Being able to associate names with key ideas also helps remember ideas better and, when names come up again, to recognize ties between different ideas whether proposed by the same individuals or by people related in some way.

    Theories or Frameworks

    Any statement of a theory or frameworks should be recorded — they are the main points most of the time.

    Definitions

    Like theories, these are the main points and, unless you are positive you already know the definition of a term, should be written down.

    Keep in mind that many fields use everyday words in ways that are unfamiliar to us.

    Arguments and Debates

    Any list of pros and cons, any critique of a key idea, both sides of any debate or your reading should be recorded.

    This is the stuff that advancement in every discipline emerges from, and will help you understand both how ideas have changed (and why) but also the process of thought and development of the matter of subject.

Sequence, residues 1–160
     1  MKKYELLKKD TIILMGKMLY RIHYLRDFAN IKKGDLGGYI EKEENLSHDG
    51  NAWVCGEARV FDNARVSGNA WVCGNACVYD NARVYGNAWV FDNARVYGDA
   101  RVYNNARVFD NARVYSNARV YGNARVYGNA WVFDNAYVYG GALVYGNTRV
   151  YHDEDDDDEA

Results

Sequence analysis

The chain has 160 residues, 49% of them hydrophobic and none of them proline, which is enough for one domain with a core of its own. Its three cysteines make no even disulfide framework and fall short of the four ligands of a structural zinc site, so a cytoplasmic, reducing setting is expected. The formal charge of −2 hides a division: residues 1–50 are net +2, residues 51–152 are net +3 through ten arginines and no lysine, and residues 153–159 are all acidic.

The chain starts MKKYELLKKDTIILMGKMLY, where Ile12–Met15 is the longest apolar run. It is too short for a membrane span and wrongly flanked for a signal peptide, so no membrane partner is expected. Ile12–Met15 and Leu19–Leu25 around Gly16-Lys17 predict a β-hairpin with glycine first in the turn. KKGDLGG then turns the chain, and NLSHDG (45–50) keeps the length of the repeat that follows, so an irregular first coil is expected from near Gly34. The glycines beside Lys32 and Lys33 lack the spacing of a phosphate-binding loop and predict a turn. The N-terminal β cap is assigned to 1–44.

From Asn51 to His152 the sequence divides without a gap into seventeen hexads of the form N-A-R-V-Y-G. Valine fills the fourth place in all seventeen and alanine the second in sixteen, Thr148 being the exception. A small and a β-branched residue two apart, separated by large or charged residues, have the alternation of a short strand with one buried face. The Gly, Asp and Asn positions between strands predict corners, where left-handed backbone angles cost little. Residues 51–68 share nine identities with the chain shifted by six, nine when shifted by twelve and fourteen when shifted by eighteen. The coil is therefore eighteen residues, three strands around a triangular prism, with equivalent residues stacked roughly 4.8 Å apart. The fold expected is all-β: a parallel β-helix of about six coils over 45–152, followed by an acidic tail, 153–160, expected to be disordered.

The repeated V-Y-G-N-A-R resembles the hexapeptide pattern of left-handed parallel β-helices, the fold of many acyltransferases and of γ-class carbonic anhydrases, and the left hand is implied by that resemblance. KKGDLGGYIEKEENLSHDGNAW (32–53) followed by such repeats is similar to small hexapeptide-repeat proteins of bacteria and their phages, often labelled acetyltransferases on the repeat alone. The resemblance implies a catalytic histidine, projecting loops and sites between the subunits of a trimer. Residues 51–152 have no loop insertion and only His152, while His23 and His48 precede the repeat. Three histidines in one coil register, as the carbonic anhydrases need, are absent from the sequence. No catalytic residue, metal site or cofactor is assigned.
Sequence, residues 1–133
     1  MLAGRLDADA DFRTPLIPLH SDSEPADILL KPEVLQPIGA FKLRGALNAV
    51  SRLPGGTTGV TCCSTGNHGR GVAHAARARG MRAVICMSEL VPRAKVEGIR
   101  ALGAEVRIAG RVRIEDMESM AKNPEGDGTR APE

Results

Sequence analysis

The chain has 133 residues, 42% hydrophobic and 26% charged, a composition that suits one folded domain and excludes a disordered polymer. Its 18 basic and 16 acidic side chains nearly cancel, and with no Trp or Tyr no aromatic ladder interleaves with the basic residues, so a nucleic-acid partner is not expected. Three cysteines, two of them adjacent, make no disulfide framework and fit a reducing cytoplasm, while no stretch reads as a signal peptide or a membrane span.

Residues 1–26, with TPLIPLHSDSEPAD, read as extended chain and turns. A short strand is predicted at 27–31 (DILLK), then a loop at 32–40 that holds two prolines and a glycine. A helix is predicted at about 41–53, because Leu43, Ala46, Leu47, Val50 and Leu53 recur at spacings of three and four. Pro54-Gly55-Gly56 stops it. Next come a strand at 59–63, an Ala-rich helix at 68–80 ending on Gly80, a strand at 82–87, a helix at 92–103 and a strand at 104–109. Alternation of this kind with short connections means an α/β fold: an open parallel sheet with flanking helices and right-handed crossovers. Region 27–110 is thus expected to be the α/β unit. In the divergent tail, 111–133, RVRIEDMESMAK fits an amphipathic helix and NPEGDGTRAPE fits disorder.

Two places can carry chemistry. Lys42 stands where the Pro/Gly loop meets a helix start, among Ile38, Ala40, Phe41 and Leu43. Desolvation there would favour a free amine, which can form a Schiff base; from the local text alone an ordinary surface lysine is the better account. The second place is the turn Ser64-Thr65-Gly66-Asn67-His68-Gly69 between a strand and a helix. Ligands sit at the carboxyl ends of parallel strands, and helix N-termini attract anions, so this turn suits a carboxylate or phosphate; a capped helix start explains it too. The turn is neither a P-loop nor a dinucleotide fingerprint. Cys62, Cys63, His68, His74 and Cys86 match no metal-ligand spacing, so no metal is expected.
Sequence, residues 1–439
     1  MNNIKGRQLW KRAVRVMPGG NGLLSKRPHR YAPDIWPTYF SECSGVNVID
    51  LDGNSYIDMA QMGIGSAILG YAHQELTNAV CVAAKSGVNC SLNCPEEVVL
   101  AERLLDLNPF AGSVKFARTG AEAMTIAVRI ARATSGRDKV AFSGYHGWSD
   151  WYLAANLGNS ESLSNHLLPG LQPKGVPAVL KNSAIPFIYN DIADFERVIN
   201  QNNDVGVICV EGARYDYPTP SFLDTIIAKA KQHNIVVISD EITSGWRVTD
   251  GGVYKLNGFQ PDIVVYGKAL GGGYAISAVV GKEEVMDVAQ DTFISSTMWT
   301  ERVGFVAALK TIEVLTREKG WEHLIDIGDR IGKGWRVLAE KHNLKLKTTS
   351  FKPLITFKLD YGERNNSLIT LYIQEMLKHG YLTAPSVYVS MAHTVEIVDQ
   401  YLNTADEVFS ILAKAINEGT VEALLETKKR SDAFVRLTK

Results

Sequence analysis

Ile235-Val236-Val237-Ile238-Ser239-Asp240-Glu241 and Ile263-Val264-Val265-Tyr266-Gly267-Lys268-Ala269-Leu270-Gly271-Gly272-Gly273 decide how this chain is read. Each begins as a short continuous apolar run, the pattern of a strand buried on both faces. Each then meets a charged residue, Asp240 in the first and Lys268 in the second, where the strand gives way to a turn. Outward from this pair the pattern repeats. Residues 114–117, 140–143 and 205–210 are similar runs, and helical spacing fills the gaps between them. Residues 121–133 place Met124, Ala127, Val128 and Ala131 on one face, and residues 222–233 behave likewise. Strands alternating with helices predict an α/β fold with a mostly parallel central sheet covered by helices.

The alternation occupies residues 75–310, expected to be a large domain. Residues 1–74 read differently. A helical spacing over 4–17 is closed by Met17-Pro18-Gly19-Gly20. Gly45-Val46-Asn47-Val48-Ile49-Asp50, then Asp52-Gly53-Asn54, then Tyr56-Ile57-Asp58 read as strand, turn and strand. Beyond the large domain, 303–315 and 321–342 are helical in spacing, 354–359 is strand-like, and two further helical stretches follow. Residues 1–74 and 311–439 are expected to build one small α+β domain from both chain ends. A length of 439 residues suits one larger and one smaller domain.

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    Images

    Whenever an image is used to illustrate a point, a few words are in order to record the experience.

    Obviously it’s overkill to describe every tiny detail, but a short description of a painting or a short statement about what the class, session or meeting did should be enough to remind you and help reconstruct the experience.

    Other Stuff

    Just about anything a professor writes on a board should probably be written down, unless it’s either self-evident or something you already know. Titles of books, movies, TV series, and other media are usually useful, though they may be irrelevant to the topic at hand.